AI-powered tool predicts human immune responses to nucleic acid nanoparticles

(Nanowerk Spotlight) As new biomedical technologies approach clinical trials, comprehending their interactions with the human immune system becomes a paramount concern. Unwanted immune recognition can result in severe side effects, which could not only halt further development of the materials under investigation but also adversely affect the entire research field.
The same concept naturally applies to therapeutic nucleic acids (TNAs) that have significantly impacted the field of nanomedicine, leading to the development of nucleic acid nanoparticles (NANPs). These novel materials are engineered solely of short RNA and/or DNA strands that self-assemble into defined architectures with various compositions, sizes, and shapes, resulting in precisely controlled physicochemical properties and therapeutic functions.
NANPs have the potential to treat various diseases, including cancers, infectious diseases, and cardiovascular diseases. However, understanding their interactions with the human immune system is critical for their clinical translation.
“NANPs' unique properties mean that their immune recognition cannot be extrapolated from conventional TNAs,” Professor Kirill Afonin tells Nanowerk. “The ability to predict how NANPs interact with the immune system could allow for the development of tailored formulations with optimized therapeutic effects and controlled immunological activity.”
Deep learning has significantly advanced various research fields, including computer vision and natural-language processing. It is also extensively used in biomedical research, such as drug discovery and genomics. In genomics, sequence-based deep learning models have surpassed classical machine learning, enabling efficient prediction of DNA and RNA sequences' function, origin, and properties through the training of neural networks on large datasets.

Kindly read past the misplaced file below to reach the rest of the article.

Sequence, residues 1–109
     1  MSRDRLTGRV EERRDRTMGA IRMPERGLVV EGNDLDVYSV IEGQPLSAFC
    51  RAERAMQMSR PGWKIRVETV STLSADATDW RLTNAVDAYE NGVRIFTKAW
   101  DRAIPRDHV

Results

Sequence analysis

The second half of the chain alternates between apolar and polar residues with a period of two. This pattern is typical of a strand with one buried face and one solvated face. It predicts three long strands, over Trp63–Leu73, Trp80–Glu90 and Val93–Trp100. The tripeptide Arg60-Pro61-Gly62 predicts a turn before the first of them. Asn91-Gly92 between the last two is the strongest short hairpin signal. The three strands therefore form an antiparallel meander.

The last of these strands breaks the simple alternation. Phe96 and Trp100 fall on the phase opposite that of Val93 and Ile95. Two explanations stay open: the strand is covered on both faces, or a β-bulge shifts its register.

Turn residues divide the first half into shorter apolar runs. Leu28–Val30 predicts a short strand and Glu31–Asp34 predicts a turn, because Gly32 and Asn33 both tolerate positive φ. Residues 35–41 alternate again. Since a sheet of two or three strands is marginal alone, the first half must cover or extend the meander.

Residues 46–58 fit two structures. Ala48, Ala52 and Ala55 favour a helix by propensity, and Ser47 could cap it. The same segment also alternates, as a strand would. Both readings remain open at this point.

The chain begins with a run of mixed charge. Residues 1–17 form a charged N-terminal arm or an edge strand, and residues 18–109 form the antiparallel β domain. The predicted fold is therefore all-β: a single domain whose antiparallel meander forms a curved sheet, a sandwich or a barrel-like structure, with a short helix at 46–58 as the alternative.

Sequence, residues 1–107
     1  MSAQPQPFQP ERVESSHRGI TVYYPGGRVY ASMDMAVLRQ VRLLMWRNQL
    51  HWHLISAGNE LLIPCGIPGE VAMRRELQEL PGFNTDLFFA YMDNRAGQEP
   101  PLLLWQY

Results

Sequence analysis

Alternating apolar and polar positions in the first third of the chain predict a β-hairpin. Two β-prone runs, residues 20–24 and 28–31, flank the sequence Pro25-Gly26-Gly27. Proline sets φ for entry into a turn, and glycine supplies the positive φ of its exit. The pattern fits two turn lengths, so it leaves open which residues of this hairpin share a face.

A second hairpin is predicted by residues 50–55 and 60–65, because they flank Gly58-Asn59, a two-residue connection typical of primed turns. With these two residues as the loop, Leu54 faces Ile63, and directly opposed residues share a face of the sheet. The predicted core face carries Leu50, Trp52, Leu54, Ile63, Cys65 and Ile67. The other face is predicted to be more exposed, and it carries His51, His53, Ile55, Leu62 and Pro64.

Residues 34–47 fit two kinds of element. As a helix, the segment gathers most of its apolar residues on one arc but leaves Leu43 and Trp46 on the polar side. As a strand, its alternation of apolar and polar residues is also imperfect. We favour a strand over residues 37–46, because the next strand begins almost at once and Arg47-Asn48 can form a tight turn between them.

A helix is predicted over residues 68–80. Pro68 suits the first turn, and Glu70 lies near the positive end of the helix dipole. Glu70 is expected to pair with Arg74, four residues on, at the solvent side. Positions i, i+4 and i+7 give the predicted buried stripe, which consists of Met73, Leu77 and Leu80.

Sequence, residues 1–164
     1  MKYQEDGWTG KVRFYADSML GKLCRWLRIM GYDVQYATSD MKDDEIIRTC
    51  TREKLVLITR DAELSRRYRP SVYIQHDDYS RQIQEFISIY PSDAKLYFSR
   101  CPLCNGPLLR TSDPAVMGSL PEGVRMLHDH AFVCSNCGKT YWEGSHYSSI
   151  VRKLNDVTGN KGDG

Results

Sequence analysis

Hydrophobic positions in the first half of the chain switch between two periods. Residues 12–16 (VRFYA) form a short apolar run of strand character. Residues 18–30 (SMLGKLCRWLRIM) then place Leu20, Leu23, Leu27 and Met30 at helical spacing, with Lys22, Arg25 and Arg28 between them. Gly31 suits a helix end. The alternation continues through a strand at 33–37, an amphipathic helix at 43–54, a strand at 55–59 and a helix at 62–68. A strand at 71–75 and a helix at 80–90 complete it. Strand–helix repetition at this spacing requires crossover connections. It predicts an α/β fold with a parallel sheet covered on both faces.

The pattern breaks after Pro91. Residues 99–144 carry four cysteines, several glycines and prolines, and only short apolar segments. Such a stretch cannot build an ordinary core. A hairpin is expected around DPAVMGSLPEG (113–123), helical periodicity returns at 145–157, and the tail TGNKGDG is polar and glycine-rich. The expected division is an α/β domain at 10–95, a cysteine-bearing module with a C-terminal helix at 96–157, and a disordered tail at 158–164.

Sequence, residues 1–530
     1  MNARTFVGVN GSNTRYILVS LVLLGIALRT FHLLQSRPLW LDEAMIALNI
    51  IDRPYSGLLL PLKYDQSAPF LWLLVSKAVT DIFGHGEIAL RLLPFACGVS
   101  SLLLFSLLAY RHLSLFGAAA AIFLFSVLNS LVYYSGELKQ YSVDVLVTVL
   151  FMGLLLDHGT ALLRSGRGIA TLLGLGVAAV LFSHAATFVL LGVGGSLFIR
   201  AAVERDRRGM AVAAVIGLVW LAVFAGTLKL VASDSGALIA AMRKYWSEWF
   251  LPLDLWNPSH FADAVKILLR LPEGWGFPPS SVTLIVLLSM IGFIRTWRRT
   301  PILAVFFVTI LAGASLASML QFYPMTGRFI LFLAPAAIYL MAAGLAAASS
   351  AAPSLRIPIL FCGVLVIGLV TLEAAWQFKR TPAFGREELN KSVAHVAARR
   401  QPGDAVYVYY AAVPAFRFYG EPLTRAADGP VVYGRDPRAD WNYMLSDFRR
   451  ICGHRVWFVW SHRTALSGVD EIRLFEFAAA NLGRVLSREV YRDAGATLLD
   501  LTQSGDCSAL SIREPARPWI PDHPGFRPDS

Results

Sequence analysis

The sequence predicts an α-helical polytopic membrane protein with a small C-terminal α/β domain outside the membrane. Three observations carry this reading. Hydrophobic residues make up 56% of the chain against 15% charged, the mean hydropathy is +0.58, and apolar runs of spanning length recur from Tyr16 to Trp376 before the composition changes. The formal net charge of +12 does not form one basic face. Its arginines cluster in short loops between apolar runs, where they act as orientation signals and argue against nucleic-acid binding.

The development of computer-assisted learning tools that would predict the immune recognition of NANPs in silico, based only on their sequence compositions, would speed up the translation of this promising technology and bring more research teams to the emerging field of RNA nanotechnology.
Now, an interdisciplinary team, led by the Afonin Lab at UNC Charlotte, has developed an unprecedented artificial intelligence-driven tool that can predict the immune responses of human immune cells (specifically peripheral blood mononuclear cells, or PBMC) when they encounter nucleic acid nanoparticles or other therapeutic nucleic acids.
Conceptual representation of artificial immune cell (or AI-cell) tool
Conceptual representation of artificial immune cell (or AI-cell) tool. A) The initial design and synthesis of nucleic acid nanoparticles (NANPs) is followed by their physicochemical characterization and assessment of immunostimulatory potential to then be applied for predictive computational analysis of the NANPs immune responses. B) The experimental workflow used for the development of AI-cell. (Reprinted with permission by Wiley-VCH Verlag) (click on image to enlarge)
The researchers reported their findings in Small ("Artificial Immune Cell, AI-cell, a New Tool to Predict Interferon Production by Peripheral Blood Monocytes in Response to Nucleic Acid Nanoparticles").
According to Afonin, this work has been a massive collaborative effort with five years of hard work and constant interactions between UNC Charlotte, the National Center for Advancing Translational Sciences (NIH), a computational team of Dr. Alexey Zakharov, and Frederick National Laboratory for Cancer Research (NCI), a team of immunologists led by Dr. Marina Dobrovolskaia.
By systematically examining the physicochemical and immunological profiles of an extensive panel of diverse nanoparticles, the interdisciplinary research team collaboratively developed and experimentally validated a computational model.
This model, based on the transformer architecture, is capable of predicting the immune activities of nanomaterials. The researchers utilized random forest (RF) and two distinct neural network architectures, including a recurrent neural network and a transformer neural network, to predict the immunomodulatory activity of 58 representative NANPs.
The top-performing models are now freely accessible to the research community through an online tool called "Artificial Immune cell" or AI-cell. This tool can be used to predict the immunological responses of any novel nucleic acid architecture, potentially accelerating NANP design and selection for personalized immunotherapeutic approaches or immunologically safe nanoscaffolds for other applications.
Michael Berger By – Michael is author of three books by the Royal Society of Chemistry:
Nano-Society: Pushing the Boundaries of Technology,
Nanotechnology: The Future is Tiny, and
Nanoengineering: The Skills and Tools Making Technology Invisible
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